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Australia - The cost of wildfire damage to crops and livestock

As unprecedented wildfires threaten large parts of Australia, the nation’s agriculture industries are counting the cost of the blazes that have scorched pasture, destroyed livestock, and razed vineyards.

With the fires still burning and fears of more to come, it’s too early to quantify the damage, analysts and industry officials said. It’s likely the country’s dairy supply will be hit hardest, with key milk-producing states Victoria and New South Wales (NSW) suffering the greatest loss of farmland and infrastructure damage. Meat, wool, and honey output may also dip.

More than 11.4 million hectares have been blackened. That’s about 1.5 per cent of the country’s land area, but still an expanse greater than Scotland. Over half the ground burned is in NSW and Victoria, mostly dense native vegetation, forests and national parks, as opposed to crop-growing farmland and areas of intensive agriculture. Here’s the impact so far on agriculture:


While fewer than 100 farms have been burned so far, wildfires have ravaged drought-affected dairying regions, including Victoria’s East Gippsland and Bega Valley, in NSW, according to Peter Johnson, a group manager of farm profit and capability at Dairy Australia Ltd.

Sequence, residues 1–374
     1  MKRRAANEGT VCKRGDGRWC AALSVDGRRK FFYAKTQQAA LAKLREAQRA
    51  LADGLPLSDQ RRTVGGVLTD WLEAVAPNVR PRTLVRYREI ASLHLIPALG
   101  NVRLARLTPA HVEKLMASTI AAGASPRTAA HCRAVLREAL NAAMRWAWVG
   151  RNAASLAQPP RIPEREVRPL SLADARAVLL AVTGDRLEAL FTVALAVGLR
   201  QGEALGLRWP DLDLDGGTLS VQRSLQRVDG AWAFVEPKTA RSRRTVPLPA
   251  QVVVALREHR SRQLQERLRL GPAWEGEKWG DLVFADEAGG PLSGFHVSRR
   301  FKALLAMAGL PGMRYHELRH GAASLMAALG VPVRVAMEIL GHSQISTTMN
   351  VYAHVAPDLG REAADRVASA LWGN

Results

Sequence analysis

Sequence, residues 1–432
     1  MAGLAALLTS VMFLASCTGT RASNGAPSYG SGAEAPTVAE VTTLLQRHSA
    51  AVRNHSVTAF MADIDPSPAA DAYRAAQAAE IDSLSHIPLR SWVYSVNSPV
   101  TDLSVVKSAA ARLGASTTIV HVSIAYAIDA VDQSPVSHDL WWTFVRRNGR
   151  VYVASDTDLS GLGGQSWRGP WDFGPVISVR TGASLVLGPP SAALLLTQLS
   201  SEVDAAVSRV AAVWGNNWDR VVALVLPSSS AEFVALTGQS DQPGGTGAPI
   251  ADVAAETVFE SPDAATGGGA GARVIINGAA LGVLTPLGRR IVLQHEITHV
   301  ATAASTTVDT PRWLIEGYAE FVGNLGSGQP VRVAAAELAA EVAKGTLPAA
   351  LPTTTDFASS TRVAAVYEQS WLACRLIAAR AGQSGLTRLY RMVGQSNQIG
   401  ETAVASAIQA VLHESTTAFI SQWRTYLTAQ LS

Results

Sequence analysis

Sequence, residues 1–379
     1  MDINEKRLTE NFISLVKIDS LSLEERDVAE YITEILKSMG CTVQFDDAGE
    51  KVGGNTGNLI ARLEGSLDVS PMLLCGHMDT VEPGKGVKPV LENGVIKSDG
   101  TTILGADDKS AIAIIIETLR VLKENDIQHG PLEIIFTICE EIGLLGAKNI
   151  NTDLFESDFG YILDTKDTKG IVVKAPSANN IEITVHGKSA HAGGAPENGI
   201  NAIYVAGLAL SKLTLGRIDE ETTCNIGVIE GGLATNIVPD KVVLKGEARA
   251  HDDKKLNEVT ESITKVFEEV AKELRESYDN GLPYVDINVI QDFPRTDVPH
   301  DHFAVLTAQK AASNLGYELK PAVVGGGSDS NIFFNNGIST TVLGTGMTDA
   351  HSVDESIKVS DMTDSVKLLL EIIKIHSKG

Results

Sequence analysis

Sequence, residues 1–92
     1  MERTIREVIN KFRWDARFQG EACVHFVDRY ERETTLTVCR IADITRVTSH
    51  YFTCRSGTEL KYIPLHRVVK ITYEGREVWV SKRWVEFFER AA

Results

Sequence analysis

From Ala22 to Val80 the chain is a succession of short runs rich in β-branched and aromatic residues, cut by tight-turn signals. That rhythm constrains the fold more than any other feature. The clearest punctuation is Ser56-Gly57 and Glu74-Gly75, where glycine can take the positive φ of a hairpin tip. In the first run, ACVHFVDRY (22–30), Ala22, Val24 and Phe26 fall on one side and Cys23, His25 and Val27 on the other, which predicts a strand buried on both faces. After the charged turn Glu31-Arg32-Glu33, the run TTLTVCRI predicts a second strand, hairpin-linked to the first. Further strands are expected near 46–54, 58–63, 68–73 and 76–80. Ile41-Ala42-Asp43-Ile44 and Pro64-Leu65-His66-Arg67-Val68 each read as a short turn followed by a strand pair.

“Some farms are disposing milk in areas with power outages or where access issues are preventing tanker pick-ups, or low power supply is preventing the cooling of milk,” he said.

Bega Cheese Ltd.’s shares plunged after fires threatened the town of Bega and ravaged Cobargo, a town about 30 km north, earlier this month. The stock has since recovered.

About 900,000 litres (238,000 gallons) of milk couldn’t be collected from farms and as much as one million litres of additional supply may be threatened, the company said last week. Fonterra Cooperative Group, which collects milk in Gippsland, said its dairy regions remain largely unaffected.